09 April 1998
Scotland prepares deadstock scheme

By Allan Wright

A DETAILED report on the numbers involved and the cost of running a disposal scheme for deadstock from Scottish farms will be presented to Government by the Scottish NFU soon.

Further talks between the two are being arranged following a meeting last week, which also included the Scottish Environmental Protection Agency and the rendering trade.

“In this day and age, burying dead animals, especially cattle, on farms is not an option,” said union vice-president Jim Walker. He was hopeful that a collection service to deliver dead animals to Scotlands only rendering plant near Hamilton could be arranged.

“I am encouraged by the fact that Government is prepared to have further discussion on the issue, and we will prepare a case detailing the size of the problem and the projected cost of running a disposal scheme,” Mr Walker said.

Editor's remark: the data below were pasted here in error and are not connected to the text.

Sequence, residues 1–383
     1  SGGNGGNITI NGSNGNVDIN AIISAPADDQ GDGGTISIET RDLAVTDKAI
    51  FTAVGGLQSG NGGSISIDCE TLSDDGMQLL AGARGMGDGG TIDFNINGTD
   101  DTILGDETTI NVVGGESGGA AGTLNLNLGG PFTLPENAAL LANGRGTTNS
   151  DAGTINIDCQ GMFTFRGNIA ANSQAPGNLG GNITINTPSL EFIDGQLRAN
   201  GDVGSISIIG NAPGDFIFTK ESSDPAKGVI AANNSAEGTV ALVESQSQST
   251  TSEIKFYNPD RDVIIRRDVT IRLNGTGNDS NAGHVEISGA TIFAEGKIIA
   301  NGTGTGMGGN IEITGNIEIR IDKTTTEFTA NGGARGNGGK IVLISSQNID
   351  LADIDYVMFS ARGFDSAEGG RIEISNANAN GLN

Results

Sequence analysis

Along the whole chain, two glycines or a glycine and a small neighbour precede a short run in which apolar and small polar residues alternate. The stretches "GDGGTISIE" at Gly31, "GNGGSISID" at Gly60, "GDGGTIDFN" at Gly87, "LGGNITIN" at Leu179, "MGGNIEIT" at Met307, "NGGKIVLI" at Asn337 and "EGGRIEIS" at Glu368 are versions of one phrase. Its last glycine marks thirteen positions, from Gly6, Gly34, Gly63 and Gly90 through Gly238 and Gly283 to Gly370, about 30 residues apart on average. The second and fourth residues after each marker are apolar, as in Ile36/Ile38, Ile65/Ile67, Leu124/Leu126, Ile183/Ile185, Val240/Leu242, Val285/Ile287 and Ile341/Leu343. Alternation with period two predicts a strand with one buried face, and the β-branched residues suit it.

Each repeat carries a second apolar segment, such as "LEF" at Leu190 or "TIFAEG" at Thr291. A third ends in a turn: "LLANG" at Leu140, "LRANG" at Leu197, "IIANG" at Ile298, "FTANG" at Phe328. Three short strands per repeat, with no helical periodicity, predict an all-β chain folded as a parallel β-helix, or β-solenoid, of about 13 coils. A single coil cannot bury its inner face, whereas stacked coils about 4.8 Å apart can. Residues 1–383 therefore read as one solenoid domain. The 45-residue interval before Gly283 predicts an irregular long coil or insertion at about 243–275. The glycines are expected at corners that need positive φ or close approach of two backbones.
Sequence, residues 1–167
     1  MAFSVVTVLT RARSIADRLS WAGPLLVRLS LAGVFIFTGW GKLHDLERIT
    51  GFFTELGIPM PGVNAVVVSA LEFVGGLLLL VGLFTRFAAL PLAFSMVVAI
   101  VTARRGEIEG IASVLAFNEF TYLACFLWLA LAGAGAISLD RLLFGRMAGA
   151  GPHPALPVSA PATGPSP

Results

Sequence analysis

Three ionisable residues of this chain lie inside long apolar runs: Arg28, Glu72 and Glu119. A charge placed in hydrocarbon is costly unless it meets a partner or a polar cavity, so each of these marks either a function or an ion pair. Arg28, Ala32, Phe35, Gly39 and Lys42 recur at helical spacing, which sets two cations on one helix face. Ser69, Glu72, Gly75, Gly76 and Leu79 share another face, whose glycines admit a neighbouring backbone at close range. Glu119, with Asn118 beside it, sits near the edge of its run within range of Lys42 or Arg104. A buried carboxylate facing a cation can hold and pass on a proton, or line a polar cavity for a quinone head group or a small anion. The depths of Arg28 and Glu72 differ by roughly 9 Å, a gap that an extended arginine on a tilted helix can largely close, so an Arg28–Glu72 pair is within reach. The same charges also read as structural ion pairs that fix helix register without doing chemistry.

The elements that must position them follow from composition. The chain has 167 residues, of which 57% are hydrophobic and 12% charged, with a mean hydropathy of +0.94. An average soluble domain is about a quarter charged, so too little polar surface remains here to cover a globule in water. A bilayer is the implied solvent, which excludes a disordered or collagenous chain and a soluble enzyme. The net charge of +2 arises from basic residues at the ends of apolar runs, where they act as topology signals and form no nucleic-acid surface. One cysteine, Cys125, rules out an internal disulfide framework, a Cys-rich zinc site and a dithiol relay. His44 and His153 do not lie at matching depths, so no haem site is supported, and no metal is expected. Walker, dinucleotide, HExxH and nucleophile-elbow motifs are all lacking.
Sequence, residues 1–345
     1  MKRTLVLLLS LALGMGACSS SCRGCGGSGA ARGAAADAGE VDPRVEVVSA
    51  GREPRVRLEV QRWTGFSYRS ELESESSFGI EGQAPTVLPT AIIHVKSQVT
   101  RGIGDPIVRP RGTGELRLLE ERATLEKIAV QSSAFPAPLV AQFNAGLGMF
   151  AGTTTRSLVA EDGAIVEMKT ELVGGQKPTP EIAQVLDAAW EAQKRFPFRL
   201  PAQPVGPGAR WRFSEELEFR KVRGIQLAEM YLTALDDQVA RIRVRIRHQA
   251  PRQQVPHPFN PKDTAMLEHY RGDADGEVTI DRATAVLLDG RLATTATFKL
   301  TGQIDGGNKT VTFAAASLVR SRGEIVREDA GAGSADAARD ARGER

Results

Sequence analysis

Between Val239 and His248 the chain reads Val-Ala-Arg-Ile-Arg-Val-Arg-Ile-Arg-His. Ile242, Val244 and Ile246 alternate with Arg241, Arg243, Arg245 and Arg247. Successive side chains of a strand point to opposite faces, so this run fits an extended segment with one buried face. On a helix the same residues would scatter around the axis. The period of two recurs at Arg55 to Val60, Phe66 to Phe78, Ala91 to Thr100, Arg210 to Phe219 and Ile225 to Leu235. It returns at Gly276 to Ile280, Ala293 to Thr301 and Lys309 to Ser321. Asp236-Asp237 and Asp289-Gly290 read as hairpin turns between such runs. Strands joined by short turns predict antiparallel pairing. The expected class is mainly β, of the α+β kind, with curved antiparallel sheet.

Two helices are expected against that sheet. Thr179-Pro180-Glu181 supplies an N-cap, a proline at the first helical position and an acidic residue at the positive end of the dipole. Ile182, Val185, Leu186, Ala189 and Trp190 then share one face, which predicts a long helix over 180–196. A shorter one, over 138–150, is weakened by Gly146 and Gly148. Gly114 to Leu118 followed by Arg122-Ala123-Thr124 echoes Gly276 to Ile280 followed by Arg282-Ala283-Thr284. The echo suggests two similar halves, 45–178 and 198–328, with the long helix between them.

He was confident that guidelines on the safe burial of deadstock on farms were being followed, but was also sure that the public perception of such practice did not show farming in a favourable light.

Before legislation demanded the removal and destruction of specified risk materials, farmers were charged £15 by knackers for uplifting dead cattle, the sort of figure which, Mr Walker thought, farmers would still pay.

However, the closure of knackeries – only four remain in Scotland – and the cost of meeting new legislation meant the charge would be much higher. That was why Government help was being sought.

Mr Walker said the problem was particularly acute in Scotland because there was not the same demand for carcasses from hunt kennels as existed in England.

  • For this and other stories, see Farmers Weekly, 10-16 April, 1998

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